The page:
Proof
(related to Proposition: Additive Subgroups of Integers)
 It has been shown in the additive structure of integers that $(\mathbb Z,+)$ is a group.
 By the criterion for subgroup, if $a=nk$ and $b=nl$ then $ab=n(kl)\in S_n,$ therefore, $S_n$ is a subgroup of $(\mathbb Z,+)$ for ever natural number $n\in\mathbb N.$
 It remains to be shown that any subgroup of $(\mathbb Z,+)$ has the required form.
 Let $S$ be any subgroup of $(\mathbb Z,+).$
 If $S=\{0\}$, we have $S=S_0$ and we are done. Therefore, assume $S\neq \{0\}.$
 We have $0\in S$ and, since $(S,+)$ is closed under addition, we have $a\in S$ for all $a\in S.$
 Let $n\in S$ be the smallest^{1} positive integer.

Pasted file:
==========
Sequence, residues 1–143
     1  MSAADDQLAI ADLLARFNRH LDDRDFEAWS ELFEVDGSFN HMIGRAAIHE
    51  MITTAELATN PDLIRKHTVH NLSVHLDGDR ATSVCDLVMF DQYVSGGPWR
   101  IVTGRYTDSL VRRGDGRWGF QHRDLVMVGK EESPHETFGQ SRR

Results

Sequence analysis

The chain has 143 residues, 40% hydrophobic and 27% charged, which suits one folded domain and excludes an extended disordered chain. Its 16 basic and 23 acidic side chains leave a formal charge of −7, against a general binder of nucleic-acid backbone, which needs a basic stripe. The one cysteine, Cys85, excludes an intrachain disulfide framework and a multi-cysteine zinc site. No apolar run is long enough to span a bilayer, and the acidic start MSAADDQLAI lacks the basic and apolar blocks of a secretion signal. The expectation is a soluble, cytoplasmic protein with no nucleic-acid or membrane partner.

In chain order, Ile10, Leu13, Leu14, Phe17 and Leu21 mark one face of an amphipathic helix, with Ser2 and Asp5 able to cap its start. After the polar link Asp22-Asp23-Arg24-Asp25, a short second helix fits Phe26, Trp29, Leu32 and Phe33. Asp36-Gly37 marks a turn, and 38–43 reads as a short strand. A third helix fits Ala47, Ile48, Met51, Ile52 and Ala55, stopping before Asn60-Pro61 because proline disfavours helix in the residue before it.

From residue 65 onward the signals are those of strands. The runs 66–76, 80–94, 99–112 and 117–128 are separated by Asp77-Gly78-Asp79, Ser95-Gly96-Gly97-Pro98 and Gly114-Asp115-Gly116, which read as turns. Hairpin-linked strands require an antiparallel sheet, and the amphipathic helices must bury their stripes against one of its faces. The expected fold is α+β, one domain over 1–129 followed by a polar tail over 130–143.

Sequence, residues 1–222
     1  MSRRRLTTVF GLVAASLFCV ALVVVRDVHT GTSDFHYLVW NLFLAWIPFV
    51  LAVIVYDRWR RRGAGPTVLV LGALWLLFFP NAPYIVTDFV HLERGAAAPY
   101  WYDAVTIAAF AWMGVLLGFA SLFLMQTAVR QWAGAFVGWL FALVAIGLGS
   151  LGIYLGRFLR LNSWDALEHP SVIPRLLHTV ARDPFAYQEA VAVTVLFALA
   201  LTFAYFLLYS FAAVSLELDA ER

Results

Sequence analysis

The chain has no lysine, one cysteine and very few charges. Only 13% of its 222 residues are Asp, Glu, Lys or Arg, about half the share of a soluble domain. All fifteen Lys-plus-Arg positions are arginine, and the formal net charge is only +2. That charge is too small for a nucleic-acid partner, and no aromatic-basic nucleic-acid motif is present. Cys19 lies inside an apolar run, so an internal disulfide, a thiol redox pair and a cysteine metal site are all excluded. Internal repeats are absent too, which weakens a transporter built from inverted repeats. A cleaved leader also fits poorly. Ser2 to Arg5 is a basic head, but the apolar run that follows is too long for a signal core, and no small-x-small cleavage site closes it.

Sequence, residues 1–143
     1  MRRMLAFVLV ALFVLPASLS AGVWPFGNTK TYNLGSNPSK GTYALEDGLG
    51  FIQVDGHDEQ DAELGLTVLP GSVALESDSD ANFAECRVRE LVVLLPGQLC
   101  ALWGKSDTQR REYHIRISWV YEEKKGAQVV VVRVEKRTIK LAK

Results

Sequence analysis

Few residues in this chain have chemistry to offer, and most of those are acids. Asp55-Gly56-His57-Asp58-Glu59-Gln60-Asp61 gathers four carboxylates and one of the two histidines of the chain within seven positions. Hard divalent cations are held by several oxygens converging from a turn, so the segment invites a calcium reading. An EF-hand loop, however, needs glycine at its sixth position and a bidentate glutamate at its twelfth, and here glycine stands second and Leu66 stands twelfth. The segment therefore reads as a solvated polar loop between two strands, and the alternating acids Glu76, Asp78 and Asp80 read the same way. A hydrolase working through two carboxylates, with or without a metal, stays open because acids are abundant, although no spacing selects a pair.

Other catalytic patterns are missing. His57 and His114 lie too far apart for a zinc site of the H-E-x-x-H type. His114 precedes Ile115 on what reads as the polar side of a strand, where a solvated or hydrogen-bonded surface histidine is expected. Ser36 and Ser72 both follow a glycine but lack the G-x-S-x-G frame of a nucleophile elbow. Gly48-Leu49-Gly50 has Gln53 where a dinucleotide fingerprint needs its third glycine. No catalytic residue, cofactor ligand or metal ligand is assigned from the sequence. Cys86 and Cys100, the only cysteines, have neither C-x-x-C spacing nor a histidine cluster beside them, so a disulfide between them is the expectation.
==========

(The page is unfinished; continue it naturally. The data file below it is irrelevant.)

Since $n\in S$, we have $nk\in S$ for all $k\in\mathbb Z,$ therefore $S_n\subset S.$
 On the other hand, any $a\in S$ can be written as $a=nk+r$ with $k\in\mathbb Z$ and $0\le r < k$, by the division with quotient and remainder.
 Since $ar=nk,$ and $nk\in S_n,$ we have $ar\in S_n.$
 But $r=0,$ since $r > 0$ would contradict the choice of $n$ as the smallest positive integer of $S.$
 Therefore, $a\in S_n,$ which shows $S\subset S_n.$
 Altogether, we haver shown $S=S_n$ by the equality of sets.
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References
Bibliography
 Modler, Florian; Kreh, Martin: "Tutorium Algebra", Springer Spektrum, 2013
Footnotes